Where in Canada: Camping in the Prairie Grasslands
Naturalist Trevor Herriot and nature photographer Branimir Gjetvag join forces in Islands of Grass (Coteau Books) to paint a picture of the majestic Prairie Grasslands that while once rivalled the African savannah for wildlife are now vanishing to our footprint. Publisher John Agnew of Coteau Books recounts his memorable camping trip to the Grasslands National Park where “after dark, the sky above is an immaculate black riddled with infinite stars.”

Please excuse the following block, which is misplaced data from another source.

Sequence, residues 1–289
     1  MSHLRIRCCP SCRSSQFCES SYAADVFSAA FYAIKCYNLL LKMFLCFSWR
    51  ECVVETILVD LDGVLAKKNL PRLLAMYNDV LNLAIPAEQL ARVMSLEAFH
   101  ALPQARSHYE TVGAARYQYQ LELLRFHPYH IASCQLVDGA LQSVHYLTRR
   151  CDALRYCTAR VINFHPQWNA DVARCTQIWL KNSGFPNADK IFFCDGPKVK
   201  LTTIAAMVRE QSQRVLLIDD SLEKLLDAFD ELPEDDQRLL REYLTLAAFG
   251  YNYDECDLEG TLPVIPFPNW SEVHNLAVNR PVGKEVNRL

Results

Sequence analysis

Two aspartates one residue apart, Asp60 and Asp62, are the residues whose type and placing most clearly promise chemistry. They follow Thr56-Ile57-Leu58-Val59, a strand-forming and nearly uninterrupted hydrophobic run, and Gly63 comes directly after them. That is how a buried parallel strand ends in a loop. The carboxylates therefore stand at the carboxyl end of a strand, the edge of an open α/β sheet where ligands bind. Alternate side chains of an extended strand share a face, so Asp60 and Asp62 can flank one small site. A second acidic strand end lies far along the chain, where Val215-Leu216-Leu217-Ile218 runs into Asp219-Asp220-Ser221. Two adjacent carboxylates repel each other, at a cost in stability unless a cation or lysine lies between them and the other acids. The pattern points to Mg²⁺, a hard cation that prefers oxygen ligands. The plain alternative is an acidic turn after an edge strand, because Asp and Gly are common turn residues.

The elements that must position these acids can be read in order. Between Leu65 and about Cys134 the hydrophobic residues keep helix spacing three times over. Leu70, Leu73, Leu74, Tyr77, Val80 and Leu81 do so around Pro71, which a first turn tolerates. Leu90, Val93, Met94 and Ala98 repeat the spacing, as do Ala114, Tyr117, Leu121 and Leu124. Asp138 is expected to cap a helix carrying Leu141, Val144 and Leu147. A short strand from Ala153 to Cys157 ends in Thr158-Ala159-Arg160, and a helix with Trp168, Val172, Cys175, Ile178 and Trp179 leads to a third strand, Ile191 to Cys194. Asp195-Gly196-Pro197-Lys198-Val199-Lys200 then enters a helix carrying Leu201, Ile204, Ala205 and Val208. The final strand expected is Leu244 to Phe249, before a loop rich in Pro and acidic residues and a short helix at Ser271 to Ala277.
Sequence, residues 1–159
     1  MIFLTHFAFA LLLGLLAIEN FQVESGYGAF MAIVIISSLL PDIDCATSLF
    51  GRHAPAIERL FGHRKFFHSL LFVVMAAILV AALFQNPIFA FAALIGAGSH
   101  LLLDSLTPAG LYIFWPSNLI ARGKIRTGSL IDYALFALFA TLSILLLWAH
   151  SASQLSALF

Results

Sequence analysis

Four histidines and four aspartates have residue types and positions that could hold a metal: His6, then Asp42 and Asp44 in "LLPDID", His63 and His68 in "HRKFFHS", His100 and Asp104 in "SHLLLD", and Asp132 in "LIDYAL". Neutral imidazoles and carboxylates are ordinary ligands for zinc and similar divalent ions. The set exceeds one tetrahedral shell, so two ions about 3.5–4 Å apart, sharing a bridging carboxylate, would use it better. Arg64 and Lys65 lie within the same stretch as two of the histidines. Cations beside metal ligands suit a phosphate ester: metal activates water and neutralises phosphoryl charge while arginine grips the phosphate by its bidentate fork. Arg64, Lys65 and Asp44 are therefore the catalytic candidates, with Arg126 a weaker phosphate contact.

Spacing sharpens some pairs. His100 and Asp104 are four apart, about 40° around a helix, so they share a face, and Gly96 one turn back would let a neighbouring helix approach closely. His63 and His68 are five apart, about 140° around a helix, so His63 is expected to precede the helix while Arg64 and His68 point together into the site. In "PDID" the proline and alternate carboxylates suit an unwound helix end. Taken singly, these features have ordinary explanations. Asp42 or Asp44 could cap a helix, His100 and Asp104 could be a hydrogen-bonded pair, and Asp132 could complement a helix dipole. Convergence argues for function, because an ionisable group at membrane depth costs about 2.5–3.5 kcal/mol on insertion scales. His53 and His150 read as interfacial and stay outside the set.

When I moved to Saskatchewan seven years ago, I had camping in Grasslands National Park on my Prairie bucket list. Last summer, Coteau Books published a book titled Islands of Grass, written by Trevor Herriot and illustrated with photographs taken by Branimir Gjetvaj. The book is an elegant and articulate call-to-action to preserve what remains of the quickly diminishing Prairie eco-zone known as Prairie Grasslands.At the same time, Coteau Books helped Parks Canada produce a book that acknowledged the role of local ranchers in the creation of the Park. It seemed the universe was letting me know that it was time to book a camping trip. Grasslands National Park is roughly 900 square kilometres of Prairie land in the southwest corner of Saskatchewan that has never been tilled. It is the last refuge of vanishing species such as the burrowing owl and the black-footed ferret that are threatened by the encroachment of agriculture and the search for oil and gas. Pulling into the entrance of the park, it seems the grasslands is an empty bowl edged by distant hills. However, the deeper we went into the park, the more we realized we were in a dramatic topography of rivers, canyons, rocky outcrops, and badlands. It is a modest, almost prudish landscape that only reveals its extraordinary and dramatic beauty to those who embrace its apparent monotony.There are few amenities in the park itself. Campers have to bring in their food and water. Every effort is made inside the park to keep the impact of people to a minimum. For campers the reward is unmediated exposure to the natural world of the Prairies. We stayed in one of the four tipis Park Canada erected for visitors.Nestled into the side of a hill, the entrance to the tipi looked east over Frenchman’s Valley. The first morning as the sun was rising a golden eagle was preening in a dead tree at the edge of the river that winds through the valley. Spreading her wings to warm herself, she then lifted herself to the air and began a long, slow spiral upwards. The sun was started to heat up the valley and the grasses were busy with the rustling of small animals foraging in the early morning warmth. The only other sounds were birds.After dark, the sky above is an immaculate black riddled with infinite stars. It is increasingly difficult to find places where it is possible to escape — even for just a few days — the incursions of modern life. At night in the Grasslands, the only glimpse of modernity is the pinprick pulses of light from satellites. The only sound is the rustling of nocturnal animals in the grass. A cellphone becomes a crass incursion to the flow of the natural world as it would have been experienced a thousand years ago. An ecologist might tell you that the Grasslands is a eco-region of undisturbed dry mixed-grass/shortgrass prairie grassland. I will tell you it is Edenic.* * * Thanks so much to John at Coteau Books for sharing about his eco-visit to the Prairie Grasslands. For more Where in Canada, click here.